Watching an episode of the ABC science show Catalyst got our juices flowing as it highlighted the role of the neuropeptide ‘Oxytocin’, sometimes known as the love hormone, in social connection and behaviour.
It points out how stimulating the release of Oxytocin may help inhibit alcohol and drug use and specific to us, how affirming touch (ie: massage at work!) plays a big part in stimulating its release in the brain.
Found in men and women we have a high density of Oxytocin receptors in the reward centres of our brain. When we receive and importantly accept, positive touch, for example, these receptors are fired off releasing Oxytocin into our bloodstream.
Oxytocin influences how sociable each of us is. It allows us to tune in and perceive the social information around us in much higher resolution. Simply put, it helps us to pay more attention to the social information around us.
Scientists now believe that harnessing its power could be a game changer in prosocial activities as it plays a pivotal role in facilitating social connection on a broad scale.
From early on in life, social stimulation such as touch is crucial for development and it sets us up to expect more of this in the future.
For far too many, their adult lives are lacking the safe nurturing touch they received as an infant.
Positive touch as an adult is the reinforcement of the stimulation received in our formative years and for some, an introduction to it.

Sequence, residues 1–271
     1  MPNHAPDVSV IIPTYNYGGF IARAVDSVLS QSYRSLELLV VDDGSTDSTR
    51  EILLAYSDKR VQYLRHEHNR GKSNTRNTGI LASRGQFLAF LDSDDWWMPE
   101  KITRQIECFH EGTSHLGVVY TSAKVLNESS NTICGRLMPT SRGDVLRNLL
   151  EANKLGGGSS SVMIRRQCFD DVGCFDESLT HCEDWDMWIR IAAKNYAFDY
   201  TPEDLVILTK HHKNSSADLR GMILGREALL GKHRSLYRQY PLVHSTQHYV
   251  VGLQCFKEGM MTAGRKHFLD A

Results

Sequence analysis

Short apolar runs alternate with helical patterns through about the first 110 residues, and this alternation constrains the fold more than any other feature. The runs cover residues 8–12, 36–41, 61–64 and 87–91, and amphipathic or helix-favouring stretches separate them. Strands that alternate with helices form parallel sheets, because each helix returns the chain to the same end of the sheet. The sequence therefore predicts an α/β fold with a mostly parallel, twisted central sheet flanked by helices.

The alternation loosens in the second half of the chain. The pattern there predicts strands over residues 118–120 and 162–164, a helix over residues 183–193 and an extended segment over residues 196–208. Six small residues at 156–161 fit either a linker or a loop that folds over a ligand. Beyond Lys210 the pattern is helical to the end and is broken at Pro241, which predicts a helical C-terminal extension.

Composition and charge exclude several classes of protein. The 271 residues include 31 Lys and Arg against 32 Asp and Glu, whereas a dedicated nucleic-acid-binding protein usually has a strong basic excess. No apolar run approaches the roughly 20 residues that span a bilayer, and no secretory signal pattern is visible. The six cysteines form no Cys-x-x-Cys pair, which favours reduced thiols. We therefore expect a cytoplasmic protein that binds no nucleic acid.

Dr. Femke Buisman-Pijlamn, of the University of Adelaide, says the release of Oxytocin gives us a feeling a little like some drugs might, a very positive, rewarding feeling, and we need to learn to release it through positive social experiences.
Dr. Buisman-Pijlman states that …
Physical contact is very important to get an increase in Oxytocin levels. As a primer or stimulant, positive touch experiences are a potent way to fire off the Oxytocin receptors in our brain resulting in prosocial behaviours.
Interestingly, Oxytocin Intranasal sprays are becoming popular in some quarters due to their relative ease of purchase on the net, yet the amount reaching the brain is likely a “vanishingly small amount” according to Iain McGregor, Professor of Psychopharmacology of Sydney University.
However stimulation from positive touch experiences “is going directly to the brain and causing the neurons to fire and release Oxytocin. And that is far more powerful than an intranasal spray” says Professor Larry Young a Social Neuro-Scientist at Emory University.
Testing of an Oxytocin drug delivered directly to the brain is still in its infancy. What is proven every day by millions worldwide is human connection: the striking potency of safe and enjoyable physical touch helping the release of Oxytocin from the reward centres in our brain.
And the social enhancements of Oxytocin’s release means only one thing for you, your colleagues and your workplace: A more sociable, enjoyable and engaging environment to work from and within.
Relating to or denoting behaviour which is positive, helpful, and intended to promote social acceptance and friendship. Intended to benefit other people or society as a whole.
Disclaimer: Some information and quotes above are gleaned from the ABC 1 Catalyst program ‘Oxytocin‘ which aired in February 2016. Our sole intention is to simply share this information with you.